There's no upper boundary really other than SNR. There's no general number.
There's what information theorists call channel capacity, which simply relates the amount of bits per second you can get, at most, theoretically, across a channel of given bandwidth $B$ at given signal-to-noise ratio. The formula simply states
The idea is simple: the better your SNR, the more different symbols you can tell apart, which means a single symbol carries more bits of information. The higher the bandwidth, the more symbols per second you can send.
Note that this is a theoretical upper limit, and doesn't say how you'd go about implementing something that does that rate. In radio communications we often come pretty close to this boundary with modern systems. Just don't expect something as "technologically braindead" as ax.25 to even nearly achieve that. But, for example, there's amateur radio bands with relatively large bandwidths in the upper microwave region, and with a good (read: low-noise) link on a large bandwidth, Gbit/s are certainly feasible. It all depends on how you use your spectrum and how much spectrum you've got and how little noise there is on that!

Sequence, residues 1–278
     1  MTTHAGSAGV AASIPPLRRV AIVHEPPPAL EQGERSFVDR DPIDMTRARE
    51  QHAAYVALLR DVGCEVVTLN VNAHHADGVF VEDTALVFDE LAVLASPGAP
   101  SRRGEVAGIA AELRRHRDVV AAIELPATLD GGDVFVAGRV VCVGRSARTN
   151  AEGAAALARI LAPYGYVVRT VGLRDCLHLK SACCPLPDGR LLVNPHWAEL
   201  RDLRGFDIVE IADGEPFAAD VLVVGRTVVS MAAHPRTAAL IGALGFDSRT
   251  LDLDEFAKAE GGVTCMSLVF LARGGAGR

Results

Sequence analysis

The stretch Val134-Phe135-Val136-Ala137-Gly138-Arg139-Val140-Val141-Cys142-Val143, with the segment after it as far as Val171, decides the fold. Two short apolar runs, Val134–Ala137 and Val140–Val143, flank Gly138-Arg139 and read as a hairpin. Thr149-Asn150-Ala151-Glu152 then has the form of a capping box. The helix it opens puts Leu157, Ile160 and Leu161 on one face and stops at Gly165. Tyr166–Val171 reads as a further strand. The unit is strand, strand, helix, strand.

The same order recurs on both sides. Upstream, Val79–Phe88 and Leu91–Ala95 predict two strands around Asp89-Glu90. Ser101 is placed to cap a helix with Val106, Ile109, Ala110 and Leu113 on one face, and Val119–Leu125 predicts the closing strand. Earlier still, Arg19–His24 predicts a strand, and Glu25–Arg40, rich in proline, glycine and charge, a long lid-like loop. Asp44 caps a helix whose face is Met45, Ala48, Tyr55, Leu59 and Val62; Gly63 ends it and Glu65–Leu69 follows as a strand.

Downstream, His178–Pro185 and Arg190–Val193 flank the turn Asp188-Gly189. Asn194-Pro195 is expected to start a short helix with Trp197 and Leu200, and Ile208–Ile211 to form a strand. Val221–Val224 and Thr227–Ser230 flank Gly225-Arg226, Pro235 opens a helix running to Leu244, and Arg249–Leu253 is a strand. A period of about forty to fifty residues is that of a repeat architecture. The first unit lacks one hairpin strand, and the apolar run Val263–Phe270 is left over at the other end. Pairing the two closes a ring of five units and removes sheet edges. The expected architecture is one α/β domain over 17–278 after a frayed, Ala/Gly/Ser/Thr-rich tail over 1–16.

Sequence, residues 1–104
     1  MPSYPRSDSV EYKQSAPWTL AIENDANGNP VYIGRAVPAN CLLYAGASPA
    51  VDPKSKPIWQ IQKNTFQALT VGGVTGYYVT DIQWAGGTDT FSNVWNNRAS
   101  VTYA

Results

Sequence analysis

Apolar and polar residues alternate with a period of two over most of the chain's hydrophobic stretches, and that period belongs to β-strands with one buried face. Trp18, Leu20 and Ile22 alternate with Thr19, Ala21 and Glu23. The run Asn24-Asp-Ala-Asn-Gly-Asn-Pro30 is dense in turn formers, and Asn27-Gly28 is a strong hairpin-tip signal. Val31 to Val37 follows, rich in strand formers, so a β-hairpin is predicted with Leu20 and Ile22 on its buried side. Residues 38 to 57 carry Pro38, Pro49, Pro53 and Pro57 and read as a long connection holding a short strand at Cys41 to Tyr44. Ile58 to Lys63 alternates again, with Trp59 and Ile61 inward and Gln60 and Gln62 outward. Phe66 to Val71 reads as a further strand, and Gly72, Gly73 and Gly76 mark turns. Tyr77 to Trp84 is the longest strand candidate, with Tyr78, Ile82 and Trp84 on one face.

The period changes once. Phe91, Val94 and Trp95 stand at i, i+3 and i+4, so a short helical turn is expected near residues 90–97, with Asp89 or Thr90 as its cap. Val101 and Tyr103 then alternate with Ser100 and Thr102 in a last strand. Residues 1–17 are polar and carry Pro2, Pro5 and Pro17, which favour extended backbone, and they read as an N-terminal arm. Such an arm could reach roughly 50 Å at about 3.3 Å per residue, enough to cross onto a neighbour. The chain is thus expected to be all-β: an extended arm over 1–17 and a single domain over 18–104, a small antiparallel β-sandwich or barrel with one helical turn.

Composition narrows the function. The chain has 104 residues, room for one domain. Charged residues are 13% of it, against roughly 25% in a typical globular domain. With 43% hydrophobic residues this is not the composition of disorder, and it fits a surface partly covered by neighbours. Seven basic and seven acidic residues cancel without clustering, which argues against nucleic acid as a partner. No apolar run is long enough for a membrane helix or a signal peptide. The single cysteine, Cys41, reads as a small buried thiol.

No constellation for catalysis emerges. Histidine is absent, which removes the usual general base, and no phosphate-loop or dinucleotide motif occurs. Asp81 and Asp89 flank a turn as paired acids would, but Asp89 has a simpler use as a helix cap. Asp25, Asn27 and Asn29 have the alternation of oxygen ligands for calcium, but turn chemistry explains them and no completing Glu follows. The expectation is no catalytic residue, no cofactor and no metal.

The derivation of that formula isn't that simple; the core takeaway is just that
- Transport capacity doesn't care about the carrier frequency at all. It cares about bandwidth and SNR.
- You can't say how much data you'll be able to transport without saying what technology you want to employ there.
I'm not sure amateur radio is what you need at all. Most jurisdictions simply forbid encrypted / private communications over amateur radio frequencies, and that means that you wouldn't even be legally allowed to open a HTTPS website (which, luckily, are most important websites these days) or check your emails via IMAP over TLS (and I must happily say that only very few email providers of mostly lesser reputation still allow unencrypted access).
I think you might really prefer to just get commercial ISM-band equipment to build a directive link in unlicensed spectrum (as opposed to spectrum you access under amateur license), even if that limits the available power (and thus the SNR, the thus the rate). Often, that's the cheaper choice, and sometimes even the faster: where I'm from, HAMNET, which is an internet-alike backbone access technology, is legally restricted to 5 MHz of spectrum in the 2.4GHz region, whereas plain WiFi uses 40 MHz. Sure, the Ham allocation allows higher powers, but as you can see from the formula above, you'd need 256 times the power of WiFi (at same noise level) to achieve the same as an eightfold bandwidth increase.